Sunday, February 16, 2020
As you've guessed from the title, this one's going to have a handful of Anvil's crushing sonic love letters to the marijuana, but despite the silliness with which their lyrics are often imbued, the music itself is no jokes, just some energetic heavy metal, starting out faster with the title track, and then going into one of their loping, mid-pacing, burning metal numbers "Nabbed in Nebraska" which will slightly remind you of fare like "Metal on Metal", "Concrete Jungle" or "Forged in Fire" only not nearly so legendarily catchy. But Robb Reiner's drums sound really powerful throughout, and they pull off a nice lead bridge and some backing vocals heavily redolent of old Twisted Sister. Other fun numbers include "Chemtrails", the rumbling "Gasoline" and the twisting "Talking to the Wall", a cool, darker, menacing cut which reminded me a lot of some of my favorite Anvil stuff on discs like Pound for Pound or This is Thirteen. Great riffs here, with a steady mid-paced tremolo picking and Lips sounding as bent as angry as he gets these years. And the hits don't stop coming there, in fact there aren't really any tracks here that I'd consider weak, and the vast majority of the material is hard hitting and memorable enough that I've been enjoying repeat listens.
Honest, blue collar heavy metal with a monumental rhythm section. The Lips/Reiner/Roberston lineup has really solidified over the last few years and they make this all sound effortless, not that it's particularly technical or nuanced for the genre but they clearly sat there and managed to come up with a dozen ragers at varied tempos, with no real filler. Hell, they even save the heaviest track "No Time" for the end, another one that throws me back to their darker sounding stuff from the past, and another killer lead sequence. Anvil has a distinct sound in their field, instantly identifiable, and this one plays to all of their strengths without ever drifting off into some of the mediocrity that has crippled more than half of the records they've put out since the early 90s. Should satisfy the long term audience as well as younger folks just looking for some bar-busting, catchy heavy metal with zero pretentiousness anywhere to be found. You might not be able to hammer out an effective weapon or tool on that glass mascot bong, but they'll certainly club your ears in with this record before fleeing town with your old lady and a bag of ganja.
Verdict: Win [7.75/10]
Friday, February 14, 2020
This one is out in a bunch of formats, from the basic CD or download to double vinyls, multiple CD or vinyl and Blu Ray combos, the works, so Nuclear Blast is making a pretty big push for it. It's from a late 2018 performance in England, and it sounds really good, with 17 tracks ranging from classics like "Pleasure to Kill", "Flag of Hate" and "People of the Lie" to fare that was recent at the time for Gods of Violence touring, like "Satan is Real" or "Hail to the Hordes". Of course with such a massive range of albums to choose from as Kreator has, they're going to miss a few things here or there, with some phases neglected entirely and others over-represented, but I'd say the selection of songs here is very much killer assuming you're an older fan who has continued to follow and enjoy their material. It's also cool that you get to hear more of the intricate, melodic recent fare mixed in with the more primitive 80s thrashers from their first few releases, and it doesn't actually sound all that bad by contrast, they can build a cohesive live experience from all of this without it seeming lopsided or like they're pandering to any one component of their audience.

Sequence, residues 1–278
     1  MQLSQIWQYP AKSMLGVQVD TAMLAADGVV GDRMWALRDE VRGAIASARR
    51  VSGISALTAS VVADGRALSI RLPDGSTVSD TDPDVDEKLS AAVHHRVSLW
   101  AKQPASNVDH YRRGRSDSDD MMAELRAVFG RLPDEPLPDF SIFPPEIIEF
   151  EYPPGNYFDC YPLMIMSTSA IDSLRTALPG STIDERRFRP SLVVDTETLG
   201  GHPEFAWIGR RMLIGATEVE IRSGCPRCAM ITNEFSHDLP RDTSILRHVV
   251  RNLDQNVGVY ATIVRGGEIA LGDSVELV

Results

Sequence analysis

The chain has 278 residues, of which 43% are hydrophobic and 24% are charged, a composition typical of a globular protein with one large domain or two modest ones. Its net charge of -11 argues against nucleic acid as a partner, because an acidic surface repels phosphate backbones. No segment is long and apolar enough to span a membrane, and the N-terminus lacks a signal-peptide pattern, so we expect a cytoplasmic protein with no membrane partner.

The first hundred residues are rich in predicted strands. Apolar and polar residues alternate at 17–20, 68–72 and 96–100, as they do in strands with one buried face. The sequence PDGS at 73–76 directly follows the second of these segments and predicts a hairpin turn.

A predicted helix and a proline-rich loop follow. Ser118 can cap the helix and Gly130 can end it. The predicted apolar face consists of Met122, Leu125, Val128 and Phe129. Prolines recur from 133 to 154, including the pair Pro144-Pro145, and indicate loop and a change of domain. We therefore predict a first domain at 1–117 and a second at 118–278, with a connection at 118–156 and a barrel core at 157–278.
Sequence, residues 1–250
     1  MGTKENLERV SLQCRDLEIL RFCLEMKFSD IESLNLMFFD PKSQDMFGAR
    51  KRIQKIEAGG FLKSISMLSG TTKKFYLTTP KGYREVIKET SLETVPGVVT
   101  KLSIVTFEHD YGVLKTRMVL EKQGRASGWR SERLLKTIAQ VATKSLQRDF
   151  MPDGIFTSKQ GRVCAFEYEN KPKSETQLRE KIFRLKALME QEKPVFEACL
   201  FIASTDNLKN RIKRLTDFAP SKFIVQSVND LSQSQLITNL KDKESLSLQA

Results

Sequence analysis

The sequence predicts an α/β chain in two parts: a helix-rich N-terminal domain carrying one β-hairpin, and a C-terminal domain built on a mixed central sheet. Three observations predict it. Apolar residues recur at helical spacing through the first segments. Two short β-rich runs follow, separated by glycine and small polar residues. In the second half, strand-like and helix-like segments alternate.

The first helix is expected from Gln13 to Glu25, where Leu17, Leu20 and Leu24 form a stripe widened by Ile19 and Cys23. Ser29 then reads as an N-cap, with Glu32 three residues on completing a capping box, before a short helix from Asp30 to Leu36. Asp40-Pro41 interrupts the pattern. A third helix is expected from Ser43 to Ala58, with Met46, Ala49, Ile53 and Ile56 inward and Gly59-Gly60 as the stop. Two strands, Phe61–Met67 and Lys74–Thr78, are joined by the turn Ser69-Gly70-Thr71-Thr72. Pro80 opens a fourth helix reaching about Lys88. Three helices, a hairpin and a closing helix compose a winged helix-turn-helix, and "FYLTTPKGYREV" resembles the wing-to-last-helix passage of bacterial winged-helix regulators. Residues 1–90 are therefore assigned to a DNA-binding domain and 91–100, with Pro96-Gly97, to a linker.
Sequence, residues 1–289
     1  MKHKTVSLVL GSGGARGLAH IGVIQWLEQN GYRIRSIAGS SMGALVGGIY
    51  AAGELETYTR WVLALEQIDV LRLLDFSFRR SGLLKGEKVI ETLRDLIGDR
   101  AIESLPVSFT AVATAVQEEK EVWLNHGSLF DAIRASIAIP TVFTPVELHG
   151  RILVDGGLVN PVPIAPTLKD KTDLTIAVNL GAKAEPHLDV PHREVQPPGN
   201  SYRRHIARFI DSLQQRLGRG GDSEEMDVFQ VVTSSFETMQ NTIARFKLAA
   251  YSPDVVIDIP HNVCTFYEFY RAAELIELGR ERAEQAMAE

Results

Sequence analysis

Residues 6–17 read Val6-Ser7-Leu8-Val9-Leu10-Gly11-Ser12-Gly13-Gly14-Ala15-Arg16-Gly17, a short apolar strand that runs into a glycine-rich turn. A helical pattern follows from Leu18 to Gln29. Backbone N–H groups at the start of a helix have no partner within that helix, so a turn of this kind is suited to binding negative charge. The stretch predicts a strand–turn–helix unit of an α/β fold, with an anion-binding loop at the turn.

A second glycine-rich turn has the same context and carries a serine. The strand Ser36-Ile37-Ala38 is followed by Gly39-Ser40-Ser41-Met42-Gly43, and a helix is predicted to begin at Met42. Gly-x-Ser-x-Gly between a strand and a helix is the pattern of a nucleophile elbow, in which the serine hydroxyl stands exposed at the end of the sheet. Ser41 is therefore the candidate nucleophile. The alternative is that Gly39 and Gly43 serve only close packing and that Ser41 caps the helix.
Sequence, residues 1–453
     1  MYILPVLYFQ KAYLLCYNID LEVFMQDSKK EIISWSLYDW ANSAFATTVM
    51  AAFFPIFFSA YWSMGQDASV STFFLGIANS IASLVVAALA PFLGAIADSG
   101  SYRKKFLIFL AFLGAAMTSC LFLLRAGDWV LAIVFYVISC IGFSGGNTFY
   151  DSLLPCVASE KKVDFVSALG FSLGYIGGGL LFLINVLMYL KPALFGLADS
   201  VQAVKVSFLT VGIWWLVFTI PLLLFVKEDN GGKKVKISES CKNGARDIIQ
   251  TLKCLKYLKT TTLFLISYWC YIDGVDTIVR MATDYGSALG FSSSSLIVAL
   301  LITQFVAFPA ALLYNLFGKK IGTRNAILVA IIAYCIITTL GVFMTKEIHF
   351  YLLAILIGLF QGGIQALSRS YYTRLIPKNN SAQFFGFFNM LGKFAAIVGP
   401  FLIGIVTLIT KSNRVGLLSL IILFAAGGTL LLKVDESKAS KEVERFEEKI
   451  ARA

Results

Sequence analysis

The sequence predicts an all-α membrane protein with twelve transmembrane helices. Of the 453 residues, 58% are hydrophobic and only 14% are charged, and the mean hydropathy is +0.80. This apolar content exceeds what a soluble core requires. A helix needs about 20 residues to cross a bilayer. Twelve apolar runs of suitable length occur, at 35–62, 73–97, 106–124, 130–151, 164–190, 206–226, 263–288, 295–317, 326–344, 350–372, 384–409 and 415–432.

The drums sound loud and almost machine-like in precision, where the guitars have a satisfying crunch to them that thankfully doesn't drown out the more melodic lead-work. I'd say if there was a weaker point, maybe the bass lines don't quite thrum along potently enough to make a difference, and you'll notice, as he ages, the more flaws and imperfections in Petrozza's delivery. That's not always a bad thing, though, because he retains that barking torment he pioneered back on the older releases, but you can tell the guy doesn't always spit out everything in the exact pitch you might remember it, and sometimes seems as if he's got an amphibian caught in his throat or goes a little too atonal with particular lines, or that he's running out of breath. Still, for all that, he'll actually bark out a few more sustained snarls and shouts on some tunes that prove he's still got a lot of energy, and there is some stage banter included here which really helps stoke up the audience.
It's better to experience with the Blu Ray on than without, since they carry that one off pretty well and you'll get the kinetic elements of the performance, like background screens, pyrotechnics and audience banging heads that help smooth over some of the little quirks you'd notice in the audio only. All told, London Apocalypticon is no joke, possibly the best Kreator live stuff put to disc, and while I would personally prefer hearing more stuff (or any stuff) from albums like Coma of Souls, Terrible Certainty and Extreme Aggression, I can't really fault their choices, it pretty much all sounds good. Will this be the live album that is held up through history like Destruction or Sodom's classics that I mentioned above? Time will tell, but although Live Kreation has a fraction more vitality to the performance, I think this is a damn solid offering for fans who still support commercial live releases.